Cloud tops. The forecast altitude of cloud tops will be received from the National Weather Service’s High Resolution Rapid Refresh (HRRR) model. This information is available only for the continental United States, so cloud tops will not be provided in Alaska, Hawaii, Guam, or Puerto Rico. The HRRR is run every hour. Transmission interval: 15 minutes.

Graphical airmet. This graphical advisory of weather conditions that may be hazardous to aircraft, but are less severe than sigmets, is issued by the Aviation Weather Center at 0245, 0845, 1445, and 2045 UTC; they’re updated as necessary. Graphical airmets are available only for the lower 48 states and adjacent coastal waters. Transmission interval: five minutes.

Icing, forecast potential. The icing product provides forecast icing probability, icing severity, and anticipated presence of supercooled large droplets at 12 altitude levels—every 2,000 feet, from 2,000 feet msl to 24,000 feet msl. This information comes from the NWS Forecast Icing Potential model, which is available only in the continental United States, so forecast icing information will not be provided in Alaska, Hawaii, Guam, or Puerto Rico. This model is run on an hourly basis. Transmission interval: 15 minutes.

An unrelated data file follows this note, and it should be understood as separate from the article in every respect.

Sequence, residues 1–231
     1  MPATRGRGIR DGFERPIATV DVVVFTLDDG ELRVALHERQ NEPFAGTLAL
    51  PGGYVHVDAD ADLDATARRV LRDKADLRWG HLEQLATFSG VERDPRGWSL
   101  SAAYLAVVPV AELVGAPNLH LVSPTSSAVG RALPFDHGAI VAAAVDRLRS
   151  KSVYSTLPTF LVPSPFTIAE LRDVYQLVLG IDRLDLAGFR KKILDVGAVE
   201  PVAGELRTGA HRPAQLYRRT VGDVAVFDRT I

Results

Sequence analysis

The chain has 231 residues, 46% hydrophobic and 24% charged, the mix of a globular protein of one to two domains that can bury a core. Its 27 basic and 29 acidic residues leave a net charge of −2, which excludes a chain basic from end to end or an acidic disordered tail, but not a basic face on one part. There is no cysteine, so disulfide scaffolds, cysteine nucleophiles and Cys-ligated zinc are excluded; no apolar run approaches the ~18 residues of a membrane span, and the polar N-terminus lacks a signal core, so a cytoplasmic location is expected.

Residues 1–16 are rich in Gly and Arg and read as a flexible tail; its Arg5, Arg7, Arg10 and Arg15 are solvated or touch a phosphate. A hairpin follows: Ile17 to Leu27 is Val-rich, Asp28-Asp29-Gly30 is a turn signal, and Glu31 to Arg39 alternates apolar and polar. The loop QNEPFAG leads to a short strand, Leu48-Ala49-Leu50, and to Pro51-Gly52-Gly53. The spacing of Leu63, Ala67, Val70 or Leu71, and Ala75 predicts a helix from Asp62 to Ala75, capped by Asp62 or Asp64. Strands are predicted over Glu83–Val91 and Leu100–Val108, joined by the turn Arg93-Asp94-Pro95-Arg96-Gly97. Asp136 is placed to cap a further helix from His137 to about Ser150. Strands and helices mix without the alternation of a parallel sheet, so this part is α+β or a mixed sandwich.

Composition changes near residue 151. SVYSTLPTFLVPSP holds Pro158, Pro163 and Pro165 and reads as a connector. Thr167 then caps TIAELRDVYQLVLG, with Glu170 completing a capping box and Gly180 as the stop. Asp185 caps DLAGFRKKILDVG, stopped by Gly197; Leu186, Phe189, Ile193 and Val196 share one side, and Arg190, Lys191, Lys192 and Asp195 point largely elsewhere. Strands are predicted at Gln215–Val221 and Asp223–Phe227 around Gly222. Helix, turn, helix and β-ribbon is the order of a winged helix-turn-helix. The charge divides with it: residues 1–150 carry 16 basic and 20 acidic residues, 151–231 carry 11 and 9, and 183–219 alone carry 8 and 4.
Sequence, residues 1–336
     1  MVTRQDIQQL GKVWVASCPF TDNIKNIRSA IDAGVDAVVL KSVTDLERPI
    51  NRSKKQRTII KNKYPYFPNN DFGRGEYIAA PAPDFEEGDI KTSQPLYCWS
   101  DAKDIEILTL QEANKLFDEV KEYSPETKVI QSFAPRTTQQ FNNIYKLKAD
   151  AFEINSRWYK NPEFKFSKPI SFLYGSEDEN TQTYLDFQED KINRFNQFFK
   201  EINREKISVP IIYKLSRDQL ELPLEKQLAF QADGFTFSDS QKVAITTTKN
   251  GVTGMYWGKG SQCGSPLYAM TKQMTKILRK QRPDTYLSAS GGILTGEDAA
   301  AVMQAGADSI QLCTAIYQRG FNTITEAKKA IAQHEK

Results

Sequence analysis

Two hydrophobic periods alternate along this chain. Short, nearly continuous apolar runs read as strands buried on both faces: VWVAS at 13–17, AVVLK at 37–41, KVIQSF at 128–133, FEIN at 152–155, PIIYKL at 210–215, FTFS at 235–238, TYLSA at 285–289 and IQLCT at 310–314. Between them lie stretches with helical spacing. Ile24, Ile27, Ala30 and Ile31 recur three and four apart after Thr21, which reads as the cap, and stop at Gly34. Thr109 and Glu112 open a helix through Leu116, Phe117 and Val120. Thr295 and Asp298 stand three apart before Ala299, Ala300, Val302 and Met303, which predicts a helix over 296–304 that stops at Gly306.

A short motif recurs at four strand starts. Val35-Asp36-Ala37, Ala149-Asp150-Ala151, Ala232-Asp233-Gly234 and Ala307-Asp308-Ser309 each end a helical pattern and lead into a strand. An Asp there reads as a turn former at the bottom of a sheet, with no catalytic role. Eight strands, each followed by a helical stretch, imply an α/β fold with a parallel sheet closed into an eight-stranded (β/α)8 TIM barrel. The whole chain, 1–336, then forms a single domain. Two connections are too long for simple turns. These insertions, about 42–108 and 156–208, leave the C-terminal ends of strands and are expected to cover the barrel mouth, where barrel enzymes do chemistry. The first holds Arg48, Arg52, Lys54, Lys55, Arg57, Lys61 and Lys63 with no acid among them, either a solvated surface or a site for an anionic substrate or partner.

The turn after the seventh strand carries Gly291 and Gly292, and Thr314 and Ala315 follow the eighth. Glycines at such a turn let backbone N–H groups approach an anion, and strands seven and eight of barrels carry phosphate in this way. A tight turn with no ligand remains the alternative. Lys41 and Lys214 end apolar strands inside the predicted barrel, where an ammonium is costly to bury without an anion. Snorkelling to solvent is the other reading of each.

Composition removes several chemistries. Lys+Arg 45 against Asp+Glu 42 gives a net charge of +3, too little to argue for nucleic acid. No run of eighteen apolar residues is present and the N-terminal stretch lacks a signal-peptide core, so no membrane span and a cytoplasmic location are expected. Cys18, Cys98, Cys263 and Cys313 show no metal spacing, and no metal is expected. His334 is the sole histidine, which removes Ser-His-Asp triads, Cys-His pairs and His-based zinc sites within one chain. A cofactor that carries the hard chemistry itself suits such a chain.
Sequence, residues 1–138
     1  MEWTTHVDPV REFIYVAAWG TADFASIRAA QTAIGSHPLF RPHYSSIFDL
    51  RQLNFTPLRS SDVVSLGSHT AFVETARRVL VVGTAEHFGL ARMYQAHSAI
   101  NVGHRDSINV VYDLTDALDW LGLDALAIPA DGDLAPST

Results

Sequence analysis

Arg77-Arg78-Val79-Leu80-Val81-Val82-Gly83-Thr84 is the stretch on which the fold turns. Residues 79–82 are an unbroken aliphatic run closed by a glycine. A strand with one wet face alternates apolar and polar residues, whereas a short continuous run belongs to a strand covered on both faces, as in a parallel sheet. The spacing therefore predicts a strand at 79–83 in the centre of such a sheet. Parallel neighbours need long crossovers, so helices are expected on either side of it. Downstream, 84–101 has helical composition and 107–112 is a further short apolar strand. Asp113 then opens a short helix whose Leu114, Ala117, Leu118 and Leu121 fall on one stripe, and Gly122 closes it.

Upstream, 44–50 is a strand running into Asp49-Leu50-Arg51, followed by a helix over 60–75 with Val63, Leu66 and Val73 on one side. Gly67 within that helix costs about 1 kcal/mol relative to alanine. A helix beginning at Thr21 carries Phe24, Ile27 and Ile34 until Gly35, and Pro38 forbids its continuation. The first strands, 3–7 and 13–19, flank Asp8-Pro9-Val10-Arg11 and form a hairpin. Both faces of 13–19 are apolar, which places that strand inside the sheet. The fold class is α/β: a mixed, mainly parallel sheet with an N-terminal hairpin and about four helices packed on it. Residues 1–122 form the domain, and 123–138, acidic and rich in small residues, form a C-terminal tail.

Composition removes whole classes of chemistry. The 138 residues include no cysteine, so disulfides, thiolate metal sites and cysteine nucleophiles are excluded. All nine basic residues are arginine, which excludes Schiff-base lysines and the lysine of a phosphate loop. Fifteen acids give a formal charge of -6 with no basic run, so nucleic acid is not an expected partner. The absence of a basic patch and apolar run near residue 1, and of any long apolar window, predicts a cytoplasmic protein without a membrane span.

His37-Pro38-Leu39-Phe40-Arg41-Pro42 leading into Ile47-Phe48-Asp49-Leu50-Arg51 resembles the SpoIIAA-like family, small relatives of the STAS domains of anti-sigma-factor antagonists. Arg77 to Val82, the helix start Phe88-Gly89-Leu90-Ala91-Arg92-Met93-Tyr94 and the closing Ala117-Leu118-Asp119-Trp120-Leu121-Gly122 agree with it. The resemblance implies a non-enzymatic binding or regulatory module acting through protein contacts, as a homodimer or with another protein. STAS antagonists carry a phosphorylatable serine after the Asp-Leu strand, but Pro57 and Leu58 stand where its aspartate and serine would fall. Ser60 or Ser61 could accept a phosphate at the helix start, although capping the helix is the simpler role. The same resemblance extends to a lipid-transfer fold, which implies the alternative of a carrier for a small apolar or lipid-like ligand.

Lightning strikes. The lightning product shows recent cloud-to-ground lightning strikes, using lightning data provided by Vaisala. This information is available only for the continental United States, so lightning information will not be provided in Alaska, Hawaii, Guam, or Puerto Rico. Transmission interval: five minutes.

Like existing FIS-B products, all of the new products are considered by the FAA to be advisory only.Turbulence. The turbulence product provides the forecast maximum intensity of turbulence at 12 altitude levels—every 2,000 feet, from 2,000 feet msl to 24,000 feet msl (the same altitudes for which icing forecasts are provided). This information comes from the NWS Graphical Turbulence Guidance model, which is available only in the continental United States, so turbulence information will not be provided in Alaska, Hawaii, Guam, or Puerto Rico. This model is run on an hourly basis. Transmission interval: 15 minutes.